We could list many requirements here, but as a school district communicator, ensure you’re checking with your website provider if their websites meet the current accessibility standard: WCAG  2.1 Level AA. We recommend using a third-party tool, like Google Lighthouse, for automated accessibility testing rather than a developer’s built-in solution that might not show some development errors. While automated tools like Google Lighthouse are great for identifying lots of common accessibility issues, many WCAG guidelines have to be tested manually. A good web developer knows how to test for possible issues that automated scanners will miss.

While you can find many products or overlays that claim to make outdated websites accessible, these products can interfere with the tools users with disabilities already rely on. There is no substitute for building your websites to be accessible right from the start.

Learn More!

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What Content Editors have to do 

Your content also has to be accessible to visitors, and if you or your school webmasters add or update content on your websites, that means you could be unintentionally adding inaccessible content. We see this often regarding images, links, and forms on school district websites.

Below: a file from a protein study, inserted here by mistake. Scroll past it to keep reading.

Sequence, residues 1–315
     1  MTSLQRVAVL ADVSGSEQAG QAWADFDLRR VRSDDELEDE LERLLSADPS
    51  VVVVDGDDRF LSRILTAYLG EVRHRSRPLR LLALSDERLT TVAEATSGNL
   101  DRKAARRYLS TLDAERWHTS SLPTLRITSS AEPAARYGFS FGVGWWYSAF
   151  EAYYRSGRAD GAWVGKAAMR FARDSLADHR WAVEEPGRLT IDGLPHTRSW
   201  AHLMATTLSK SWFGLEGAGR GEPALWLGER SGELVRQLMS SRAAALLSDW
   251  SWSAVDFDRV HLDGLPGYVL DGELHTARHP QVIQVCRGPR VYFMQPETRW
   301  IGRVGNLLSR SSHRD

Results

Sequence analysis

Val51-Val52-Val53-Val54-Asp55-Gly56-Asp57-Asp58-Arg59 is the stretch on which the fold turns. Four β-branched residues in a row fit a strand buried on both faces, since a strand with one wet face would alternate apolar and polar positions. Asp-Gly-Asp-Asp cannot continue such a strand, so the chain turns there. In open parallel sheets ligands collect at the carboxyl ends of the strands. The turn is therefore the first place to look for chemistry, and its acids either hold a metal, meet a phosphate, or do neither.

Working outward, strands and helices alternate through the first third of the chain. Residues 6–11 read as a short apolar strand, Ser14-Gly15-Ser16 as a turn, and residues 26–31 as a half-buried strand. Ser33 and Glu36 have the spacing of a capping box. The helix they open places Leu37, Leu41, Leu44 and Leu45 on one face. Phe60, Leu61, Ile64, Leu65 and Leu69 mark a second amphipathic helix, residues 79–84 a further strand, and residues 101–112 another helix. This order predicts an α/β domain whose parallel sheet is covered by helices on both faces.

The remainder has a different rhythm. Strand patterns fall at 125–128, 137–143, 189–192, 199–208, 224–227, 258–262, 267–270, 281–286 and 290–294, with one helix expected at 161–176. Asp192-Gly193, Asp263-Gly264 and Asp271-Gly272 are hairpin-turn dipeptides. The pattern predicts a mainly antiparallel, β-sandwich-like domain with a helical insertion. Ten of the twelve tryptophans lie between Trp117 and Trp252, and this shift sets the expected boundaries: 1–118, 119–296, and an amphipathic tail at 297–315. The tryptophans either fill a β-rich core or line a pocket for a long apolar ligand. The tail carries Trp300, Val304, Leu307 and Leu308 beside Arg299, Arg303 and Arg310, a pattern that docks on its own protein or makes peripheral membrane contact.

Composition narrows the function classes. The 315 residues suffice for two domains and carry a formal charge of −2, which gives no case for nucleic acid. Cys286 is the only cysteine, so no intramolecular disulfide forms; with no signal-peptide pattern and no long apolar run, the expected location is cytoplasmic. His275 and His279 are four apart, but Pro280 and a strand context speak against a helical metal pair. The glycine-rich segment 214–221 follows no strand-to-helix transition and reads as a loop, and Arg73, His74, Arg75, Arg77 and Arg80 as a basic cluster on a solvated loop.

If someone can't see, they may use an accessibility tool to read online content aloud. But how do you read an image? These accessibility tools can't pick up any text included in a PNG or JPG file. When adding images to your website, always ensure they're not full of important text. 

Alternate Text Descriptions for images are really important. If a visitor uses a screen reader to access content, it will use the alt text to describe the image. If there’s no alt text provided, there won’t be any information for that person (and alt text provided by an AI might not be accurate either). See if your website developer has a setting to make alt text mandatory, so this important step is remembered. 

Learn more about image best practices!

School and school district websites contain  links to other schools, the district, and external websites. But how many of those links are clearly labelled for their destination? If your links are simply a “Click Here” hyperlink, it won’t be clear where that link goes to visitors using a screen reader.

If your school or district websites have forms, label the form fields. Otherwise, visitors with visual, reading, or cognitive impairments could need clarification about what content they’re supposed to provide for the form. 

Using headers and page titles properly keeps your websites accessible to all visitors.  Read more about different ways to make websites accessible

Your school district should have websites accessible to all visitors, even those who use assistive tools to access information online. We hope you have a better understanding of what website accessibility is, why it’s important, how your website provider should be supporting accessibility, and how your end-users can keep content accessible in your district!